MOVIES — The Seagull and Book Club

Perfectly cast ensembles explore the joy, mystery and pain of love in two very different films.

A fresh take on Anton Chekhov’s 1895 roundelay of unrequited love at an idyllic country estate, The Seagull features a splendid Annette Bening as Irina, a grand Russian stage actress whose vivacity can't disguise her fears of aging and loss. She recognizes competition for her lover, a famous writer named Boris, in local girl Nina (the ubiquitous Saoirse Ronan). Irina’s handsome son, Konstantin, loves Nina, an aspiring thespian performing in his avant-garde play, which he hopes will wow Mom. Like that’s going to happen.

Elisabeth Moss makes a delightfully doleful Masha. “I’m in mourning, for my life!” declares the estate manager’s daughter, hopelessly besotted with Konstantin and attracting only a poor schoolteacher. Masha’s mother weeps over the visiting Doctor Dorn, with whom she’s had a long affair though his attentions have never been exclusive. Irina herself is a onetime paramour.

“The spells cast by this lake,” says Dorn, comforting the anguished Masha on a summer night. Jon Tenney told an audience at a screening that he especially liked the role because Chekhov was also a physician. Though the literary master considered his play a comedy and genuinely funny moments dot the film, Dorn is the only remotely contented person. Irina and Boris are heat-seeking missiles aimed at the young: Konstantin, who longs desperately for his mother’s love and respect; and the naïve Nina, drawn to Boris’s success, oblivious to his fickle, destructive nature. Like the magical lake, this abbreviated version of The Seagull casts a spell.

Let’s get this out of the way: Book Club is not great art. But there is an underlying poignancy along with the humor and a dream quartet of lead actresses. As much about friendship as romance, the film stars Diane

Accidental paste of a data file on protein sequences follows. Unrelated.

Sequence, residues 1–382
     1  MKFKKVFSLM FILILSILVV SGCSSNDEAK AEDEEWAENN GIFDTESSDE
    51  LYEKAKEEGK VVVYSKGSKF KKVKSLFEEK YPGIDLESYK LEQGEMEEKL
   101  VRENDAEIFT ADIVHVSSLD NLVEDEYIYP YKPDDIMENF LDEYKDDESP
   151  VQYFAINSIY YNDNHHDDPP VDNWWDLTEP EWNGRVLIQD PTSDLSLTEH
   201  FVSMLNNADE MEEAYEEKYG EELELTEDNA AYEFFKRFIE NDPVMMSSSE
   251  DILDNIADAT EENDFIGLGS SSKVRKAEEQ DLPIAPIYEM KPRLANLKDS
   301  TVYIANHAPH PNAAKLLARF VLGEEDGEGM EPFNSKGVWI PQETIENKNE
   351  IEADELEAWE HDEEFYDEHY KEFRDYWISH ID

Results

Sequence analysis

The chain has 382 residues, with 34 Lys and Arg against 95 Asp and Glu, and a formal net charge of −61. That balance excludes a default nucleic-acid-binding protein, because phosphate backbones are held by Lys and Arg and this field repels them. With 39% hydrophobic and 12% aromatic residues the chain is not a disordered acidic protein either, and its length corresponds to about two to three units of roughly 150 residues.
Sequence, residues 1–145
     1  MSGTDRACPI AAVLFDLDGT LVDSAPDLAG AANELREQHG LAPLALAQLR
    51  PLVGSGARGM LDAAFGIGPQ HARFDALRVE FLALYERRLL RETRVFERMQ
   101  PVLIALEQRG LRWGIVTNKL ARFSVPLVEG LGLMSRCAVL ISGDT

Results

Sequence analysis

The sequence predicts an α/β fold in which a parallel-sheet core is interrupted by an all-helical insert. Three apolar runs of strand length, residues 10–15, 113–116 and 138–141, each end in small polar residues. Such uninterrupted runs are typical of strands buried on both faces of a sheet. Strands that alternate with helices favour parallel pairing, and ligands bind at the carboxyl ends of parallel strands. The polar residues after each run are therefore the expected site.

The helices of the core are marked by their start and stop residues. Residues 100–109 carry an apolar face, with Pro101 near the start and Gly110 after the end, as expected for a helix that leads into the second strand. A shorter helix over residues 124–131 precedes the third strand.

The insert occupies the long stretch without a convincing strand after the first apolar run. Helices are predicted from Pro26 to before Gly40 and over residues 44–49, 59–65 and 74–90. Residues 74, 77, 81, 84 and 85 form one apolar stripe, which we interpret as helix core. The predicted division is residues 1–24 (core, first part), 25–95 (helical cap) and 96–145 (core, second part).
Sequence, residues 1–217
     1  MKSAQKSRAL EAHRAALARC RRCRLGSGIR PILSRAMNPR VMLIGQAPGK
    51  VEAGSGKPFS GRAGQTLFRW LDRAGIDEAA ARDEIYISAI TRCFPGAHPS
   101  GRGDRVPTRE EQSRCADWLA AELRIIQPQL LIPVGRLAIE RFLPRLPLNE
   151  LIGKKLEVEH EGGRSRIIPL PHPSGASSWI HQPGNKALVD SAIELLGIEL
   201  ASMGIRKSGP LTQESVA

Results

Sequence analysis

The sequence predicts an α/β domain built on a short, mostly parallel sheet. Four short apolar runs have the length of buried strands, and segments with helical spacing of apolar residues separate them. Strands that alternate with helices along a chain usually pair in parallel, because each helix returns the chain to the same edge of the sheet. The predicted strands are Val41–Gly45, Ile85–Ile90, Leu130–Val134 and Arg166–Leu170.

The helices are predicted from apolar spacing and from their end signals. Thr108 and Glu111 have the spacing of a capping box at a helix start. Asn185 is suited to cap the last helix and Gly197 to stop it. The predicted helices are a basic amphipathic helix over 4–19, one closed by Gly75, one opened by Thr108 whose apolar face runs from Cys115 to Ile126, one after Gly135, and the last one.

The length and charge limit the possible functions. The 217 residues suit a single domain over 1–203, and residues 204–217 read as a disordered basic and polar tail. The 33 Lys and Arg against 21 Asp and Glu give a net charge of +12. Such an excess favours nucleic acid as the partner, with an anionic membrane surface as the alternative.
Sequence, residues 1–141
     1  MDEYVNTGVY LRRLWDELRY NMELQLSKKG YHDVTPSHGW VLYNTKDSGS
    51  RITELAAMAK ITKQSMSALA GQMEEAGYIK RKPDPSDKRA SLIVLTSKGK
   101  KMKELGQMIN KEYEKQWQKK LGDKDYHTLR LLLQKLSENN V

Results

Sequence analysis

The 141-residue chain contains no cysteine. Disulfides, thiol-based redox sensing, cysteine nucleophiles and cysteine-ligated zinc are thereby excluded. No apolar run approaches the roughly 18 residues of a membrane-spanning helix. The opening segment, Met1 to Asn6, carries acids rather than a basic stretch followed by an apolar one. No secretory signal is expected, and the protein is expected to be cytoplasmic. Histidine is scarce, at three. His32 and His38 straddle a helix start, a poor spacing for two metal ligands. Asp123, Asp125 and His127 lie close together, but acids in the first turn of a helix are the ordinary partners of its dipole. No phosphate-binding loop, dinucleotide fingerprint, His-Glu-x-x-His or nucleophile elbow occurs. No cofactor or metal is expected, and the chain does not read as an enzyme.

Keaton, Jane Fonda, Candice Bergen and Mary Steenburgen as avid

bookworms who go for the steamy Fifty Shades of Grey one month. Director/co-writer Bill Holderman had given the Fifty Shades trilogy as a fun Mother’s Day gift! And a movie idea was born.

Keaton, familiarly dithering in a role written specifically for her, is a widow whose grown daughters pressure her to move into a home basement apartment in Arizona. After they meet cute, a charming airline pilot (Andy Garcia) has more exciting plans for her. Portraying a successful luxury-hotel owner who runs into an old flame, Fonda taps into the vulnerability of a strong, sexually active woman who is afraid of real intimacy. She specifically requested Don Johnson for her love interest, good call. (Tho we kept envisioning him in a T-shirt under a pastel suit.) Steenburgen’s recently retired husband shows more interest in his motorcycle than in her and she plots to rev up his engine.

But it’s the deadpan Bergen, as a divorced federal judge off the market for 18 years, who deservedly gets the most laughs. Venturing into the unfamiliar world of online dating, she accidentally posts a photo of herself in a gooey green face mask and lands a tax attorney played by a game Richard Dreyfuss. "I could legally put you in handcuffs," her honor nervously blurts out during their first date. And "Ginsburg" nails it as Bergen's feline alter ego. This escapist rom-com is really about taking chances and living life to its fullest, no matter one's age.